When asked Thursday if defensive end Josh Sweat will be available for the North Carolina game this weekend, Jimbo Fisher responded, “oh yeah.” Sweat sustained a meniscus injury in practice leading up to the Louisville game in Week 3 and, after it limited him in that contest, underwent surgery to repair the damage shortly thereafter.

At the time, the prognosis for a return was 1-2 weeks. Sweat missed the win over USF last weekend, but could see the field this weekend as he’s practiced the past couple of days.

“Healing really well, looks great” Fisher said in quotes distributed by the team. “We’ll see [Friday] morning, but [the knee] looks great.”

Sweat started nine of 13 games as a true freshman last season, and started the first two games in 2016 before the knee issue surfaced.

Greg Ward Jr., to Heisman voters: ‘Psssttt, I’m still here, don’t forget’

Houston quarterback Greg Ward Jr. (1) runs past Connecticut defensive lineman Folorunso Fatukasi, left, en route to a 30-yard touchdown in the first half of an NCAA college football game, Thursday, Sept. 29, 2016, in Houston. (AP Photo/Eric Christian Smith)
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Deservedly so, most of the Heisman focus these first four-plus weeks of the 2016 season has been squarely on Lamar Jackson and the stunningly phenomenal season the Louisville quarterback is putting together. There are others, though, who merit mention.

Case in point? Greg Ward Jr.

In No. 6 Houston’s Thursday night 42-14 romp over UConn, the quarterback completed just over 84 percent of his passes for 389 yards and three touchdowns, and ran for 65 yards and two scores for good measure. The win was the Cougars’ eighth in a row, with the last loss coming Nov. 21 of last year to… these very same Huskies.

On at least one occasion in avenging the loss, though, Ward Jr.’s sterling completion percentage got a little help from one of his receiving friends.

The latest virtuoso performance, which included his third 300-yard passing game of the season, pushed Ward Jr. to 1,503 yards of offense (1,325 passing, 178 rushing) and 13 total touchdowns (eight passing, five rushing) in four games while also battling a lingering shoulder issue. For comparison’s sake, and you know we’re not alone in doing so, Jackson will enter Week 5 with a statistical ledger that’s straight from a teenager’s video game: 1,856 yards of total offense and a ridiculous 25 total touchdowns in his four games.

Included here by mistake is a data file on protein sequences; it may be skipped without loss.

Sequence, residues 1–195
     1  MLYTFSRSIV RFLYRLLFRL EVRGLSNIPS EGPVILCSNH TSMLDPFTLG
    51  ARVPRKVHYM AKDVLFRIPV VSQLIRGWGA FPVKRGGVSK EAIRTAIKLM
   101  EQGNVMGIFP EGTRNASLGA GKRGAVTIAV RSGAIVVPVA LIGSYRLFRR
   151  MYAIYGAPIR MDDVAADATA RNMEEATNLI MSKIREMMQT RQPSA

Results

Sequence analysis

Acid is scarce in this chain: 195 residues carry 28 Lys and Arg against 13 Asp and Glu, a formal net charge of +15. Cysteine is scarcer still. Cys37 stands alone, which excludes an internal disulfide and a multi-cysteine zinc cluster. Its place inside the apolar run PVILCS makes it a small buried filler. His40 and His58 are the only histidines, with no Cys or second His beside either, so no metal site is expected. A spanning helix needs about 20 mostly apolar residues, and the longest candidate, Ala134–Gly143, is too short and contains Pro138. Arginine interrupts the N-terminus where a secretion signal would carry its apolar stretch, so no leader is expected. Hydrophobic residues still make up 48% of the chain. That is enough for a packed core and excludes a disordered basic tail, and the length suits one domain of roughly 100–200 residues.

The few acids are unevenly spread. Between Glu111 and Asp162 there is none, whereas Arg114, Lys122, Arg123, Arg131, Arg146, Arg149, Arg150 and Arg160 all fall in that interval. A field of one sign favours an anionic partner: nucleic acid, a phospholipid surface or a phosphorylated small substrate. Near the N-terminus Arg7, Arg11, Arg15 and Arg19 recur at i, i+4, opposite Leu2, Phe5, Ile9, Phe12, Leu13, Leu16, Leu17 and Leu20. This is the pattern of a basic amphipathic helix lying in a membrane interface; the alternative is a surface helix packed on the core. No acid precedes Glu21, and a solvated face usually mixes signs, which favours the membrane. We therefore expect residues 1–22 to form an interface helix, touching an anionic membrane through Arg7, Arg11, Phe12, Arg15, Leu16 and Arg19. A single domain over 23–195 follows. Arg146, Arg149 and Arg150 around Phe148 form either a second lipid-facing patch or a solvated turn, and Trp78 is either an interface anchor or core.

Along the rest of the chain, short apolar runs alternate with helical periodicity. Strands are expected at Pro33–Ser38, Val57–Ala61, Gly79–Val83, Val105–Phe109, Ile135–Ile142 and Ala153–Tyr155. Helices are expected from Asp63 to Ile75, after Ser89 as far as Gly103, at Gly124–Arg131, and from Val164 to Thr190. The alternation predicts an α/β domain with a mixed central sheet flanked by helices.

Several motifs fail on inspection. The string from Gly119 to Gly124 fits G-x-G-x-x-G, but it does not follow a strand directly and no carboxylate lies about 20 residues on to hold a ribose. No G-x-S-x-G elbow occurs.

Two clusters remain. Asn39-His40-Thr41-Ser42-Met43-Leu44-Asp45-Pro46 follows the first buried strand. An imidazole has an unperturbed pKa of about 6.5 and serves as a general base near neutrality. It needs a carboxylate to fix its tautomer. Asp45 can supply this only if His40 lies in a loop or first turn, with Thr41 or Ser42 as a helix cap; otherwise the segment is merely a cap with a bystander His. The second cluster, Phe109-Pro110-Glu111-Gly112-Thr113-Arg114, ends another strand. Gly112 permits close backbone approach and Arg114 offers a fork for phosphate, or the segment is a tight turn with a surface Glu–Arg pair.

While it’s still quite a ways down the road, Ward’s Cougars and Jackson’s Cardinals will square off in what’s shaping up to be a monumental mid-November Thursday night game that could go a long way in determining not only the Heisman race, but helping to shape the playoff picture as well.  In between, voters, don’t forget about the kid from Houston.

Report: Wisconsin linebacker Vince Biegel undergoes surgery, out as long as a month

SAN DIEGO, CA - DECEMBER 30:  Sojourn Shelton #8 of the Wisconsin Badgers, Vince Biegel #47 of the Wisconsin Badgers, T.J. Edwards #53 of the Wisconsin Badgers react to a interception during the second half of a game against the USC Trojans in the National University Holiday Bowl at Qualcomm Stadium on December 30, 2015 in San Diego, California.  (Photo by Sean M. Haffey/Getty Images)
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Just in time for their toughest stretch of the season, No. 8 Wisconsin may be without one of the team’s most important defensive players.

Badgers linebacker Vince Biegel is set to miss the next several weeks after undergoing surgery to insert a screw in his cracked foot.

“He’s been playing on it for the last couple weeks, and it was bothering him a little bit,” Biegel’s father Rocky told ESPN. “He had X-rays last night and confirmed it was cracked. He either plays on it, and then if he breaks it, then he’s going to be out for eight weeks. Either way, he’s got to have surgery on it. So he can keep playing until it breaks or try to go through the season with it and try to fix it. At any time, he could break it all the way through. It was just a crack and they’re just putting a screw in it. It’s a very, very minor crack.”

No matter how minor it is, losing Biegel for as long as a month is a huge blow to a defense that has been among the best in the country this season. Wisconsin does have a bye week after traveling to No. 4 Michigan on Saturday but also have to play No. 2 Ohio State and division rivals Iowa and Nebraska to close out October.

Biegel has nine tackles on the year and a sack but is among the most experienced players on the team having played in 46 games at Wisconsin, including 32 starts. Redshirt freshman Zack Baun is expected to take his place.

If there is one bright spot for head coach Paul Chryst and defensive coordinator Justin Wilcox however, it’s that the Badgers’ linebacking corp is one of the best in the country. Still, as good as Jack Cichy, T.J. Edwards and T.J. Watt have been this year, they’ll have to step up their games with an imposing schedule coming up.

Houston missing four starters for AAC matchup against UConn

SAN MARCOS, TX - SEPTEMBER 24: Duke Catalon #2 of the Houston Cougars runs against Brandon McDowell #6 of the Texas State Bobcats at Bobcat Stadium on September 24, 2016 in San Marcos, Texas. (Photo by Chris Covatta/Getty Images)
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Houston is looking to avenge their only loss of the 2015 season on Thursday night against Connecticut but the Cougars will have to do so a little short-handed.

According to the Houston Chronicle, the team is down a whopping four starters and a key backup against the Huskies: starting linebackers Tyus Bowser (head injury) and Matthew Adams (coaches’ decision), running back Duke Catalon (head injury), cornerback Brandon Wilson (lower leg) plus backup tight end Alex Leslie (ankle injury).

Catalon has already missed a game this season and is arguably the biggest loss for the team as that will force them to rely on quarterback Greg Ward Jr. (who missed last year’s game) even more against UConn. The transfer from Texas is averaging 4.7 yards a carry on the year and had a big game against Oklahoma in the opener.

Coach Tom Herman and the sixth-ranked Cougars still should be able handle their business at home against a conference foe but the mounting injuries this early in the season are starting to get a little concerning if you’re a Houston fan.